Different approaches to the study of stress and performance in sport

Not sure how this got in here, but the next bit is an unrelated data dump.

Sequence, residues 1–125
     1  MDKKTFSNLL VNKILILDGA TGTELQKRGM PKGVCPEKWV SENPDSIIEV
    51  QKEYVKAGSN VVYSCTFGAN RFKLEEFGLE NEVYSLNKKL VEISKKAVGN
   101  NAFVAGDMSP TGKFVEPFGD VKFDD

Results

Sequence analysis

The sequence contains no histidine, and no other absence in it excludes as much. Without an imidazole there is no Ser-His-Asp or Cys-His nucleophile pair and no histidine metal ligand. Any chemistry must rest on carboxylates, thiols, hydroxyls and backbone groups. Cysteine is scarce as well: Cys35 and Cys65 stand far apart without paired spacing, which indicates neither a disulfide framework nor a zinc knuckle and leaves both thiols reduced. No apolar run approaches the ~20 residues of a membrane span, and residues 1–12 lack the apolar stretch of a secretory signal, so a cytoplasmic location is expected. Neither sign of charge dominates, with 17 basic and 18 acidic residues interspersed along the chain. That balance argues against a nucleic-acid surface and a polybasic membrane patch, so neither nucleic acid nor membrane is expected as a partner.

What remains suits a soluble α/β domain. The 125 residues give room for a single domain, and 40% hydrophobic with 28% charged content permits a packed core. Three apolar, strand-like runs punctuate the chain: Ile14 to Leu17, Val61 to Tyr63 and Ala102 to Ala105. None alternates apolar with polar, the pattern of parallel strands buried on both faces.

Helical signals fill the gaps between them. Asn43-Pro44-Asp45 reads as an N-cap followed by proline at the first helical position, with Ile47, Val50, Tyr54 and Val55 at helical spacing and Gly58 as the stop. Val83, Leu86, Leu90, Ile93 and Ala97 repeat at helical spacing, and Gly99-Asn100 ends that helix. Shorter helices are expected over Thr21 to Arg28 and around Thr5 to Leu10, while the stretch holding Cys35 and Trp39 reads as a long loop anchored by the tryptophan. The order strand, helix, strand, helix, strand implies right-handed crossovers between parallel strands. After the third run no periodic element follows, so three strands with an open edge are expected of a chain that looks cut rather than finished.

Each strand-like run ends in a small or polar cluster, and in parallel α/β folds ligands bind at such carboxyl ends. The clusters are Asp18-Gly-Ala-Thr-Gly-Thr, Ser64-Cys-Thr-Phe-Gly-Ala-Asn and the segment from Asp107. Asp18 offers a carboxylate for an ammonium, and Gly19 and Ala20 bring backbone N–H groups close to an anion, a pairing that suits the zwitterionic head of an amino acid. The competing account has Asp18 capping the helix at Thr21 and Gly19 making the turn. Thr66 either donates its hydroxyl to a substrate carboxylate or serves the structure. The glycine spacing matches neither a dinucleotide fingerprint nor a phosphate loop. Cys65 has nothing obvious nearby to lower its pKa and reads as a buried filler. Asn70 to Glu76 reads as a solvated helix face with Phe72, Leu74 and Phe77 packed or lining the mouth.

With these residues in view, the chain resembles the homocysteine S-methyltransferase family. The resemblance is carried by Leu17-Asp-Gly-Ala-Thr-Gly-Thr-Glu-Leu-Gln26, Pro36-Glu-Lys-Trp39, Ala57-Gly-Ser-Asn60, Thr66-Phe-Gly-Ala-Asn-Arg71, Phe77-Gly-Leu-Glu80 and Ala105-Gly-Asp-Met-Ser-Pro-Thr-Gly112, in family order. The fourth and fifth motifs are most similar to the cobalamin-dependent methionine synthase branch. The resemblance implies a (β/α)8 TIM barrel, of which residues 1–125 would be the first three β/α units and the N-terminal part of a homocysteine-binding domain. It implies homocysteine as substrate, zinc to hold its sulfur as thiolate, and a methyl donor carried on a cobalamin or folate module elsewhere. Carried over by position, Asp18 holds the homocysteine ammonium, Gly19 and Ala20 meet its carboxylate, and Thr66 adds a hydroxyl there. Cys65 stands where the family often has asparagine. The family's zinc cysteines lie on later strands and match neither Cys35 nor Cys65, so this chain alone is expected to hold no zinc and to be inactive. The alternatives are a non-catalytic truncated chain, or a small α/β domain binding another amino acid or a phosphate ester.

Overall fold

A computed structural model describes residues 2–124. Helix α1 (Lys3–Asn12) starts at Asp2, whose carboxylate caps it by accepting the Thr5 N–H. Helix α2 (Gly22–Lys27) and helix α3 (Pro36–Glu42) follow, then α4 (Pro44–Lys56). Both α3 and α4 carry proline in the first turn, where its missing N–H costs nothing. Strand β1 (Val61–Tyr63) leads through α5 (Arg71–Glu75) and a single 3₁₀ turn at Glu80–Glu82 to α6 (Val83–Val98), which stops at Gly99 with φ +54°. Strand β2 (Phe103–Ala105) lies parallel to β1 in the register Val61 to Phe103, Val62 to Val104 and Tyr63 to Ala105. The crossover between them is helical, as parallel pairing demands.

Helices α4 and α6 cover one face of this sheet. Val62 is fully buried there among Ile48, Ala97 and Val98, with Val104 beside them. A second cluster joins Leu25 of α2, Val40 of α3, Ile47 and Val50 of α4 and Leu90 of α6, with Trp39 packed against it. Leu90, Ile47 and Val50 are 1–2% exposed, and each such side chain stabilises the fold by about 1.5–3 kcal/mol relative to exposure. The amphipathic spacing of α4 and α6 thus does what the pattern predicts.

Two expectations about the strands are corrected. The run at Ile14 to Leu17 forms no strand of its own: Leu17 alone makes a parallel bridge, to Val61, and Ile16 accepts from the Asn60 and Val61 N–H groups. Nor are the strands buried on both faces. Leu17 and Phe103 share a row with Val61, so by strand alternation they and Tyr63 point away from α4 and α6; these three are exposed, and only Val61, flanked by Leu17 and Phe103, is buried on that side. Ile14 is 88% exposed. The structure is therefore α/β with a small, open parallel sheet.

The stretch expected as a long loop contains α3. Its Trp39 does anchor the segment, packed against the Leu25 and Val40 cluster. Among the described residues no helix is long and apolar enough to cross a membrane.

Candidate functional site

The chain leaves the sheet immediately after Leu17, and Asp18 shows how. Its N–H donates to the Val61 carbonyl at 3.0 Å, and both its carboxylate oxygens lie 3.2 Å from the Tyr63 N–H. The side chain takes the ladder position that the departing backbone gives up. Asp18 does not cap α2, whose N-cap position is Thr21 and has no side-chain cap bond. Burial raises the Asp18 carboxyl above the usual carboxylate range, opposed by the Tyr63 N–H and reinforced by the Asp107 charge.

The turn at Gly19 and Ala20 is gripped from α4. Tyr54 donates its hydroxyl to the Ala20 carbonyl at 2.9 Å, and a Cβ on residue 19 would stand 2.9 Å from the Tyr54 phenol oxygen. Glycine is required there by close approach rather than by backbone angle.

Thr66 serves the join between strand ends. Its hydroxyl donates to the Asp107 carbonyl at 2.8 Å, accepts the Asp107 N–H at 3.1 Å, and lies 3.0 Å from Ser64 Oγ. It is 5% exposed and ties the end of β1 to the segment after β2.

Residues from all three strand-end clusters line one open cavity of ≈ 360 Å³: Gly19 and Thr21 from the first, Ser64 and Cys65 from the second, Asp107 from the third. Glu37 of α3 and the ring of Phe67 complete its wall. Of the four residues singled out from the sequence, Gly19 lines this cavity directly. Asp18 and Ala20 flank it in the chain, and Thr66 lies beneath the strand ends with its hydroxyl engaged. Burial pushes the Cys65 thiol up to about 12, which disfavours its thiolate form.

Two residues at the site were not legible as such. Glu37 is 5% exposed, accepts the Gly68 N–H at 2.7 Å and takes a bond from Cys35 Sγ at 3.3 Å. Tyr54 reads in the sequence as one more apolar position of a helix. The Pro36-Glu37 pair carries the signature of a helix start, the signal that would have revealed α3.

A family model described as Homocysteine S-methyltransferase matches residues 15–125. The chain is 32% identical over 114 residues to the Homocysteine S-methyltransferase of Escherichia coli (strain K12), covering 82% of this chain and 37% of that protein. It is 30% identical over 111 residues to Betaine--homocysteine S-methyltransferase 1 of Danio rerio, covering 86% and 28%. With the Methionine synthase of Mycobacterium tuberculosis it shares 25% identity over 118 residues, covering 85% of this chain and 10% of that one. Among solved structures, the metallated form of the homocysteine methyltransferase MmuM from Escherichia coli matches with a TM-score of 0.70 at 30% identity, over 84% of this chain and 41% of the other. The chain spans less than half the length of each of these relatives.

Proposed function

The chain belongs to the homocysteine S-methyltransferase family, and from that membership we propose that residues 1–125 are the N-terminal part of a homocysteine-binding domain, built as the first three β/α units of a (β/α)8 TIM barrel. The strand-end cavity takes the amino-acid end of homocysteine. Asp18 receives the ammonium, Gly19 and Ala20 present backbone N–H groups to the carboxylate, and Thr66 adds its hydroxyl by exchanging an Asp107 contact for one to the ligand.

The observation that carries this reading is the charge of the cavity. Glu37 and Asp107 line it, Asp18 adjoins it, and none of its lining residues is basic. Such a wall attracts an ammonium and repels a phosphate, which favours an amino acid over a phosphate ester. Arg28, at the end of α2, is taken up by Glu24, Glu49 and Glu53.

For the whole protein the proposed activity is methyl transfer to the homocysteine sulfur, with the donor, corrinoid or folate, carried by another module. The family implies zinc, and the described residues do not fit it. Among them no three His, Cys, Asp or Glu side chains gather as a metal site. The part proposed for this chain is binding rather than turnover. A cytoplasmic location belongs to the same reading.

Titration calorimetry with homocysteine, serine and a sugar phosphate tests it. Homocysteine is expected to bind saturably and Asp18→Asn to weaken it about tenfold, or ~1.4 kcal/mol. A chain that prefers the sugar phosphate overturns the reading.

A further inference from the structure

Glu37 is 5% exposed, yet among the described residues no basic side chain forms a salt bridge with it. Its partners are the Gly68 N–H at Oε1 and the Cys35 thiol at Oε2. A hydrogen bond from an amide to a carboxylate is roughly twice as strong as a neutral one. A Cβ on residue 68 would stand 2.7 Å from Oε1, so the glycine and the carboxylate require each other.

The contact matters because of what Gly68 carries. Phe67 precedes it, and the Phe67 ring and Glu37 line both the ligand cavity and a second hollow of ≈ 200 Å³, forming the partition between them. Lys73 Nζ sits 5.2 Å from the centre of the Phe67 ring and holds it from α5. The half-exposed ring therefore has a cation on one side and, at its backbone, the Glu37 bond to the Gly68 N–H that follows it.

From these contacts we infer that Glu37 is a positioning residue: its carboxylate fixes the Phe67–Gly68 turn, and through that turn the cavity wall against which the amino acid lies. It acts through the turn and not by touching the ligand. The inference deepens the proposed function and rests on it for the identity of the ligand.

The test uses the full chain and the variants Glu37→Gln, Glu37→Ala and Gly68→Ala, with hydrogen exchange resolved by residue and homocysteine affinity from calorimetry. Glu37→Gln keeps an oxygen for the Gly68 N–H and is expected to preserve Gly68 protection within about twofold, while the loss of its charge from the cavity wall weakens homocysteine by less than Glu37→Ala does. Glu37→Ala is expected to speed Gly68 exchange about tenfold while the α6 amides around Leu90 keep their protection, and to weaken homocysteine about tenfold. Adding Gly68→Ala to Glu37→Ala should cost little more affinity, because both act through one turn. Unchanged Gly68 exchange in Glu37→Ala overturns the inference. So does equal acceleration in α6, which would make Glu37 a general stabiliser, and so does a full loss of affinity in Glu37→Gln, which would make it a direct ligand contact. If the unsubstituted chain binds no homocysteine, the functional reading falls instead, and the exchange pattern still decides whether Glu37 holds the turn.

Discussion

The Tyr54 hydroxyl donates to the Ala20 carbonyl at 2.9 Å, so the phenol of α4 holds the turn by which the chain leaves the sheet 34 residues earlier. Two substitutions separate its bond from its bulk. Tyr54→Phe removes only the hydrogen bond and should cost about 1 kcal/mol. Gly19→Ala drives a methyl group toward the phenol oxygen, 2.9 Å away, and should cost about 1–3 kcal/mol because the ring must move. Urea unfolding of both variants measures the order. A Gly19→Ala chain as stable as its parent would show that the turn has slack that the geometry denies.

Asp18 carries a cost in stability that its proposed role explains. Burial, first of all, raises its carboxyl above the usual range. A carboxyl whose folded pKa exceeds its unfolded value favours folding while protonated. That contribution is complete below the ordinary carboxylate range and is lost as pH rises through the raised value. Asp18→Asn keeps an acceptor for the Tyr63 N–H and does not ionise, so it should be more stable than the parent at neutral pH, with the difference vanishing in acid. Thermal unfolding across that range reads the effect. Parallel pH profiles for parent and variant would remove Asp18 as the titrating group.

This thesis examined stress and anxiety in sport from a number of different perspectives. It is written as a series of research papers (chapters). Before the research papers, a critical review chapter is presented on the research and theory relevant to stress and anxiety in sport. One of the issues to arise from the review chapter was the relative merit of multidimensional anxiety theory and catastrophe models. In multidimensional anxiety theory, it is unclear whether cognitive anxiety and selfconfidence are viewed as being conceptually independent or conceptually codependent. In higher-order catastrophe models, self-confidence is viewed as being conceptually independent of cognitive anxiety and is expected to moderate the interactive effects of cognitive anxiety and physiological arousal upon performance. One of the aims of Chapter 3 was to clarify whether cognitive anxiety and selfconfidence were conceptually independent. This was done by means of a metaanalysis that explored the relationships between cognitive anxiety and performance, and self-confidence and performance. The magnitude of the (positive) self-confidence mean effect size was significantly larger than the magnitude of the (negative) cognitive anxiety mean effect size. This offers evidence for the relatively strong influence of self-confidence upon performance. It also provides support for the conceptual independence of cognitive anxiety and self-confidence. In Chapter 4, the role of self-confidence was explored within a higher-order catastrophe model framework. This involved an exploratory segmental analysis designed specifically for exploring bias factors in higher-order catastrophe models. This analysis supported the moderating role of self-confidence within this framework. More specifically, the maximum cognitive anxiety x somatic anxiety interaction effect size was at a higher level of somatic anxiety for the high self-confidence condition, when compared to the low self-confidence condition. Another of the findings from the meta-analysis was the dearth of studies conducted with elite performers. The final research paper was an investigation of organizational stress within an elite environment. In view of its exploratory nature, this study was conducted within a qualitative framework. The major sources of organizational stress to emerge from the interviews with elite athletes were: selection, training environment, finances, nutrition, goals and expectations, coaches and coaching styles, team atmosphere, roles, support network.